• Optimises taxes

There are two main ways that holding companies can be used to reduce and optimise taxes. 

Firstly, companies that own 80% or higher shares of its subsidiaries are eligible to file consolidated tax returns for the whole company group. This effectively allows the company to combine the financial records and tax filings of all the subsidiaries it holds with that of the primary parent company. This means that if one or more subsidiaries suffer a loss, it can be used to offset the taxable income of the profit-earning subsidiaries and leads to greater tax reductions and a lower overall tax liability.

Secondly, in many companies the holding group can be structured in such a way as to greatly reduce or entirely eradicate dividends tax. This is because it is possible for dividends to be distributed directly to the holding company and not to the shareholders themselves. Shareholders can then defer income tax on these dividends depending on when they withdraw them from the holding company. They can also instead use the holding company to reinvest these dividends in other profitable ventures or asset classes. 

  • Helps obtain favourable debt financing agreements

Large holding companies have greater financial strength and credit ratings than their smaller subsidiaries alone. This allows them to acquire loans on better terms and lower interest rates than their subsidiaries, which can then be used to finance these subsidiaries in turn. This is particularly useful in the case of start-ups or other venture capital projects which would be viewed as high risk and unlikely to be able to acquire credit on favourable terms.

  • Adds value by pooling expertise and resources

Pooling multiple subsidiary companies in a larger holding group can add value in that there are certain common resources, as well as special expertise, which the entire group would have access to. This can lead to more successful individual business units who work together as a whole.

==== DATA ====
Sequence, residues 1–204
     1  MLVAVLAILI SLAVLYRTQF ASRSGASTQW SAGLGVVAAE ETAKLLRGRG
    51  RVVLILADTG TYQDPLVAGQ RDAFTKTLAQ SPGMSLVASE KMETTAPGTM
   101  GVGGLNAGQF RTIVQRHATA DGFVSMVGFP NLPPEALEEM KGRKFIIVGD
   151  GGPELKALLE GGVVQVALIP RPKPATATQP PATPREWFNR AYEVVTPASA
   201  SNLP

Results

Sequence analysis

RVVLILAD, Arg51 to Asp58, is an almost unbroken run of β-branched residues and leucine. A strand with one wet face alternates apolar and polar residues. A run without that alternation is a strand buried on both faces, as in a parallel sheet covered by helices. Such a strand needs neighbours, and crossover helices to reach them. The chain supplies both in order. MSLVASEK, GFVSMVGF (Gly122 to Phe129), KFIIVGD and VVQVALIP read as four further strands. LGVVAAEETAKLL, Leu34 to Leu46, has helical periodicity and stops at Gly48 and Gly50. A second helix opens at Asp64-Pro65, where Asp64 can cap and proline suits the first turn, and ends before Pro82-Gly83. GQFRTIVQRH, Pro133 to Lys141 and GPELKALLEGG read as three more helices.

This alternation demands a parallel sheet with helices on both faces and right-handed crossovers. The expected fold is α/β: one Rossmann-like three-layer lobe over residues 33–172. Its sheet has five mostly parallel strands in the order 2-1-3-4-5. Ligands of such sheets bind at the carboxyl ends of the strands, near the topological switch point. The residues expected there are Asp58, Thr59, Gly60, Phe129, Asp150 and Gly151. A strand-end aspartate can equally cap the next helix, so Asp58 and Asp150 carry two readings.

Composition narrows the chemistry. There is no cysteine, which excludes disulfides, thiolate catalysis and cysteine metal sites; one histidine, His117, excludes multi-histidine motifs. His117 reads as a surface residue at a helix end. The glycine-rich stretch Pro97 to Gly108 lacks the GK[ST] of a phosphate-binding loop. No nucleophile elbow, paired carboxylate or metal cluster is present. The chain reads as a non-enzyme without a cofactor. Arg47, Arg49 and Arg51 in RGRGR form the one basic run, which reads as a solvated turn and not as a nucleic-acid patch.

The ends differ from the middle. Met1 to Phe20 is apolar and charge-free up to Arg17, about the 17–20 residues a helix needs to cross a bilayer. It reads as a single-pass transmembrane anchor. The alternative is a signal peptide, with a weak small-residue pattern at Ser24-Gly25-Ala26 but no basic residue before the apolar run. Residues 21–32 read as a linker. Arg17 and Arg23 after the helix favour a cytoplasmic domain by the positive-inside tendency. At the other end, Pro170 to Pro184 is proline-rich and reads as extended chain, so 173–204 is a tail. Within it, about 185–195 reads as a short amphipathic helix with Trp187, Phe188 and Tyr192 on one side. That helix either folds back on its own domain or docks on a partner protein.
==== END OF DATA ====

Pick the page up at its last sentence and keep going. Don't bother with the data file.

What are the Disadvantages of a Holding Company?

Whilst holding companies are advantageous structures in a number of spheres, there are also some downsides. Here are three disadvantages of using a holding company:

  • Greater Complexity

There is an added layer of complexity with holding group structures as compared to single-entity companies. The holding company will typically have to manage and organise multiple subsidiaries, all with varying objectives and operating requirements. This can be overcome through sound management procedures and information reporting systems.

  • Conflicts of interest

Holding companies do not always own 100% shares in its subsidiaries. This means that there will be other minority owners that it will have to engage with. In such situations, conflicts of interest could arise which could create management difficulties. However, as the company would always have a great enough to share to have ultimate control, these conflicts of interest are unlikely to have a major impact.

  • Formation and maintenance costs

Forming and maintaining a company costs money. This can be high or low depending on the type of entity, the nature of its operations, and most importantly the jurisdiction in which it is formed. In a holding group, the parent company as well as all its subsidiaries will have to pay for its formation/registration fees, as well as the costs of ongoing compliance and maintenance. This will result in greater fees compared to a single-entity structure. 

How Does a Holding Company Make Money?